Divorce and Annulment, Marriage and the Family, the Individual and Society

Manila Bulletin, June 8, 2011 | Go to article overview

Divorce and Annulment, Marriage and the Family, the Individual and Society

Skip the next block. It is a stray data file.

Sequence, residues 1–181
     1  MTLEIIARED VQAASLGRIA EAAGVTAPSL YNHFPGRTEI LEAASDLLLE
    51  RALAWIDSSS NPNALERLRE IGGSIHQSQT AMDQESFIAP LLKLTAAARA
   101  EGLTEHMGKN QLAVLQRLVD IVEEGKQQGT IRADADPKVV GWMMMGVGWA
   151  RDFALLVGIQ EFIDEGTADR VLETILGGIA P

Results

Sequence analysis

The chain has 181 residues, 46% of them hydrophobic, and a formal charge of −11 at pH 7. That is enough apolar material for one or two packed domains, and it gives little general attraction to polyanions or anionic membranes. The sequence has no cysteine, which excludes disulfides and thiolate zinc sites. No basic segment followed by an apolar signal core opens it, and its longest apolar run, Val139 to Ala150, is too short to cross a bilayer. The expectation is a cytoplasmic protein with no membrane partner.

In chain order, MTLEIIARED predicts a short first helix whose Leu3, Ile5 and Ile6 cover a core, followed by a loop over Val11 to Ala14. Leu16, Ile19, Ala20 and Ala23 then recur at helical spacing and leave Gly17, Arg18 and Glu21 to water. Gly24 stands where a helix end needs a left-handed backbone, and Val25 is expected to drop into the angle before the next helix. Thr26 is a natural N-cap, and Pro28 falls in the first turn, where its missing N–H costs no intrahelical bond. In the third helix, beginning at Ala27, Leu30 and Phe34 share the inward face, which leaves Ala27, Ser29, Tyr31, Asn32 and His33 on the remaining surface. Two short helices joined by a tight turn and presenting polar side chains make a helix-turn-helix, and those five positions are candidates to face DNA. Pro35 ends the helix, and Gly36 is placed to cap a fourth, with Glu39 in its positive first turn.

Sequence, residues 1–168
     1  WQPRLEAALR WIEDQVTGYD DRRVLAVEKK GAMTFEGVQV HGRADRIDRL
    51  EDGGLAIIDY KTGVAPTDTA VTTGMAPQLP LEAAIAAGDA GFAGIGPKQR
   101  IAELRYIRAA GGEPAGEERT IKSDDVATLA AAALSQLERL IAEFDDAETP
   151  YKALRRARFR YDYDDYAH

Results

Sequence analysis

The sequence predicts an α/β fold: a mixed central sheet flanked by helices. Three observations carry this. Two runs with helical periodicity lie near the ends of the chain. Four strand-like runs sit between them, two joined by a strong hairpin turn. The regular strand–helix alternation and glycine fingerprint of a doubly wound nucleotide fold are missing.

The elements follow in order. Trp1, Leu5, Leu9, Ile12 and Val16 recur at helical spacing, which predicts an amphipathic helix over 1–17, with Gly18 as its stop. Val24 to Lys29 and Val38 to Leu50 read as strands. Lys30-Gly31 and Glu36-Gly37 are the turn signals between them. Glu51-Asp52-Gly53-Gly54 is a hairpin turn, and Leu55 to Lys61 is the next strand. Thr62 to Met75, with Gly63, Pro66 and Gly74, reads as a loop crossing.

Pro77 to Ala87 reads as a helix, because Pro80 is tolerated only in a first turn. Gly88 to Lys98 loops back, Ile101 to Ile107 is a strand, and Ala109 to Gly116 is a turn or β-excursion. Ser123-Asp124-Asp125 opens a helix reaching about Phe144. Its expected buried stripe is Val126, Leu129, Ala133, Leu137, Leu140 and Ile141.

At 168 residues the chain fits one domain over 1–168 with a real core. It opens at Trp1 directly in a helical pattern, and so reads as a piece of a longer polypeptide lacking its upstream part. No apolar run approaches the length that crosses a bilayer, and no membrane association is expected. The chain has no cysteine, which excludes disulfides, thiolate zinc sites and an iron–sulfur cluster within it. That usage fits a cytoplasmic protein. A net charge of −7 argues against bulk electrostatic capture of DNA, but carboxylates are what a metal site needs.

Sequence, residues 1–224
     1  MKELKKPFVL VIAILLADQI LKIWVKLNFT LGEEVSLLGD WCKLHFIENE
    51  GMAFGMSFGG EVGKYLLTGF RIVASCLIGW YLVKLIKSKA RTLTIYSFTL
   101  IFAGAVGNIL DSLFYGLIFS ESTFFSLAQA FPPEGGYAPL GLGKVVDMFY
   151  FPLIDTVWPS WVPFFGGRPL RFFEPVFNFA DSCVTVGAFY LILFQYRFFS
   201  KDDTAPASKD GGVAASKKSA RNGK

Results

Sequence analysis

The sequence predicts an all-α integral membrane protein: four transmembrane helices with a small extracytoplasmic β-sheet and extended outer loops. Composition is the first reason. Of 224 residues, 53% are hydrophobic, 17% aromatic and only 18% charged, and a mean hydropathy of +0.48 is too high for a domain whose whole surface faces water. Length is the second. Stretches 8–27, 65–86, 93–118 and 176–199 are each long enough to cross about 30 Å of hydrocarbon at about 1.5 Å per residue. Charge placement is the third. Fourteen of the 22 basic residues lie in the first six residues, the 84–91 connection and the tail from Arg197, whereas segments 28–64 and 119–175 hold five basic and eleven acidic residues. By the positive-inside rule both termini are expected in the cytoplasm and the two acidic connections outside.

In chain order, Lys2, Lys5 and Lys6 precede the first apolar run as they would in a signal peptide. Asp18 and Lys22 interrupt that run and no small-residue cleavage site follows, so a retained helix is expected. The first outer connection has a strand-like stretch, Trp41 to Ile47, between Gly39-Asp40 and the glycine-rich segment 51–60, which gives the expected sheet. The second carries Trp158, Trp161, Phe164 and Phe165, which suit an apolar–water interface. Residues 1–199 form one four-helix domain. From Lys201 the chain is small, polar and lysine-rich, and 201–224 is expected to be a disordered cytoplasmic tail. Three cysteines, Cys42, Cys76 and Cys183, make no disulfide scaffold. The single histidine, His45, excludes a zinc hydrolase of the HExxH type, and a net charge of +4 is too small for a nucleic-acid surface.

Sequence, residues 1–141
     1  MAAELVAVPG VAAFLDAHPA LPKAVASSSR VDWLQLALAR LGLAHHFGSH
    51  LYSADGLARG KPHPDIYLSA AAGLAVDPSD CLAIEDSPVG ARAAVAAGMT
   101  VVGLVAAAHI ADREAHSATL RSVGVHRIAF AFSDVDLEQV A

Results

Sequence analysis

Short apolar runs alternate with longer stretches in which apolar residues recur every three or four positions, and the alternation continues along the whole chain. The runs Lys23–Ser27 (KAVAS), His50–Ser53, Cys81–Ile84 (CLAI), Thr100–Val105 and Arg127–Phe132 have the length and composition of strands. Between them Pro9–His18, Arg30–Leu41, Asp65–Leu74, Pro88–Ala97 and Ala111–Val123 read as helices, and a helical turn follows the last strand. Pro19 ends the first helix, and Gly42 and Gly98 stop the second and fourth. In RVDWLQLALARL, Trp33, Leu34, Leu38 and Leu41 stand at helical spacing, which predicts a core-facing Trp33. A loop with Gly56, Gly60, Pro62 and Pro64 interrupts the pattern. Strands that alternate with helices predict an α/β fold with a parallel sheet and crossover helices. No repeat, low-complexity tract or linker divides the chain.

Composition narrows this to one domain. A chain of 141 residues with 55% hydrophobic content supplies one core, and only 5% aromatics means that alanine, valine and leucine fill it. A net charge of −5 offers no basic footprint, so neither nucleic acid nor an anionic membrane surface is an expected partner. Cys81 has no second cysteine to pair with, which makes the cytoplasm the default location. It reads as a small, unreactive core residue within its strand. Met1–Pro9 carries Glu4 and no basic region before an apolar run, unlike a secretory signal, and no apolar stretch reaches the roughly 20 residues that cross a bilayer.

MANILA, Philippines - I think the issue behind divorce isn't whether the state should protect the family. It's about the extent to which the state should preserve the family, which often comes in conflict with individual interests.Divorce might already be dead in the halls of Congress, but it's still an issue worth tackling because it is important to examine our most deeply-held beliefs as a society from time to time.A society is analogous to a single individual, and like any individual, it must ask itself whether its values are still worth holding onto, and whether it lives up to its values in the first place.In the case of divorce, those values seem to be the stability of marriage, the preservation of the family, and the rights of individuals to pursue their own happiness.It is impossible to discuss divorce without getting into moral (if not necessarily religious) issues, but it is first of all worth saying that divorce is a tricky legal concept.As I understand it, divorce is one of three general ways of ending a marriage arrangement, the other two being legal separation and annulment. The main difference is in how the marriage bond is affected. In legal separation, the marriage bond stays but the spouses are no longer obligated to live together. In many countries, this is often the first step to divorce. In an annulment, the marriage contract is declared null and void; there shouldn't have been (or there was no) marriage to begin with, because the contract itself is flawed in some way (the honeymoon never happened, you got married at gun-point, etc).In contrast, divorce happens when there is a perfectly valid marriage, but for some reason that marriage has broken down (unfaithful husband, battered wife, etc). In annulment, there was no marriage to begin with. On the other hand, divorce is effectively an admission that a marriage exists, and has broken down, even failed.The rub is in the procedure. Divorce is easier because it is generally quicker and allows for a greater range of reasons in ending the marriage. In contrast, an annulment is a complex and lengthy legal procedure that is extremely expensive, and in many cases it is difficult to qualify for one. In the Philippines, people who might resort to annulment would be forced to go extraordinary lengths (feigning insanity, for example) to prove their marriage was invalid in the first place, even if the reasons for breaking up are entirely different.I think the issue behind divorce isn't whether the state should protect the family; as a matter of fact, most states understand this. …

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